Could this also mean 'Ducks, these are birds'? As if you were introducing some ducks to some birds.
This question has made my day! :D
It could have such a meaning, but then we'd use a comma, not a dash.
Great :D The first time I saw this sentence I got it right without thinking. Every time after that I've had to remind me that I'm not introducing ducks to birds :D
I think it's okay to drop it. There was this "Tips & Notes" where they said "mokka - cofe" means "moccha is coffee" (sorry if I spell anything wrong) But I don't know if it makes a difference or none.
Is Duolingo recognising punctuation now? I typed "ducks are birds" and got it right, but comment appeared: "Another correct solution: ducks are birds." That's exactly what I typed. The only discernible difference between what I typed and the other solution is the full stop (the period).
I don't know why it did that--it happened to me too--but it certainly accepted some exclamation points not present in the original sentence earlier.
What does the это do in this sentence?
In the comments just above yours szeraja_zhaba posted that definition type sentences in Russian are constructed this way. If correct, presumably the presence of это lends an air of formality about it.
Well...as with other things, they need to tell us about the exceptions before they penalize us for what we don't know.
I'm wondering the same thing as it threw me off. I would think the sentence would read "утки - птицы" if the intended translation was "Ducks are birds." The addition of зто to me adds a "these are" to the sentence, but my answer, "Ducks - they are birds", was incorrect.
«Это» is not unneccessary (without it, the sentence would sound really unnatural), but it is not translated «those», it's just a way we form definition-like sentences in Russian.
«Those birds are ducks» would be «Э́ти пти́цы — [это] у́тки». In this version, «э́то» would be optional. I can't explain well why it's optional.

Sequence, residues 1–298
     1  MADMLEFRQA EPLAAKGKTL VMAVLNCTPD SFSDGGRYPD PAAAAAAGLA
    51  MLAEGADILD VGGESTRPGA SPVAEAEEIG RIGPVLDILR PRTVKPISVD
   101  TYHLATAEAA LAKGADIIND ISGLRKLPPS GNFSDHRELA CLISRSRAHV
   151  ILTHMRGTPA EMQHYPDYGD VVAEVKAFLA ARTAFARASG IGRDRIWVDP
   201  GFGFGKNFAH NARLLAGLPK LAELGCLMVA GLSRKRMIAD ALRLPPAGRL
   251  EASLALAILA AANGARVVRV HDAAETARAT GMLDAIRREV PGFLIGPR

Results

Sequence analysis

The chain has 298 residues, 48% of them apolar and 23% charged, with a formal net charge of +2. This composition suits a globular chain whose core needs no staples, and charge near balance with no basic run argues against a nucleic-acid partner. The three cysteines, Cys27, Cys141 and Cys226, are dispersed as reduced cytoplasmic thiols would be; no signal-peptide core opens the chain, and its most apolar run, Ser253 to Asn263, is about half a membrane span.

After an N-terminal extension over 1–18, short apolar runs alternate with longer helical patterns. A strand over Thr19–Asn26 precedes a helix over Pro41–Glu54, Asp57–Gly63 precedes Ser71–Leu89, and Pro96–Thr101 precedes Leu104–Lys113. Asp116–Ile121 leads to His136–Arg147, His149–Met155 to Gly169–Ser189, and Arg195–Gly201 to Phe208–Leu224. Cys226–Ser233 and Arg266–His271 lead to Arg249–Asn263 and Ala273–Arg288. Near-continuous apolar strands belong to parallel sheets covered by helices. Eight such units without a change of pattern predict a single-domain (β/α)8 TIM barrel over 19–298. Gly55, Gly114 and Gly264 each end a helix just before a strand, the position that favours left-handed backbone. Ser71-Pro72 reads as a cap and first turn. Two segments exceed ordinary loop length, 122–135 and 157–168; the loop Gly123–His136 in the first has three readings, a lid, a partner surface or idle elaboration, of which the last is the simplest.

Because of the word это, I translated the sentence as "Ducks are these birds", and got it wrong. The correct solution is just "ducks are birds". Wouldn't it be just "Утки — птицы"?
«Утки — это птицы» and «Утки — птицы» mean the same thing in Russian, but the former is much more natural than the latter.
I'm finding it incredibly difficult to hear the differences between plurals and such. Could somebody help explain to me the different sounds please?
Has anybody else experienced the problem where you get the same question repeatedly in a row? It happened to me on this question. It isn't that I made a mistake and got it again either; I got it five or six times in a row...
It happens once in a while. Once or twice a year for me.
Life's a ❤❤❤❤❤. Then you die.
Literally, ‘ducks — this birds’.
I do not understand why Это is used here. In previous examples, это is used for a demonstrative purpose, like: "Это лтицы" which would mean "These are birds" Therefore, would this sentence be translated as: "Ducks - these are birds" and of course the dash equates to nouns. So, why is the statement not simply: "Утки - птицы"?
the last time i had "the ducks are birds" i translated it as утки птицы. it was correct. does this sentence mean the same thing?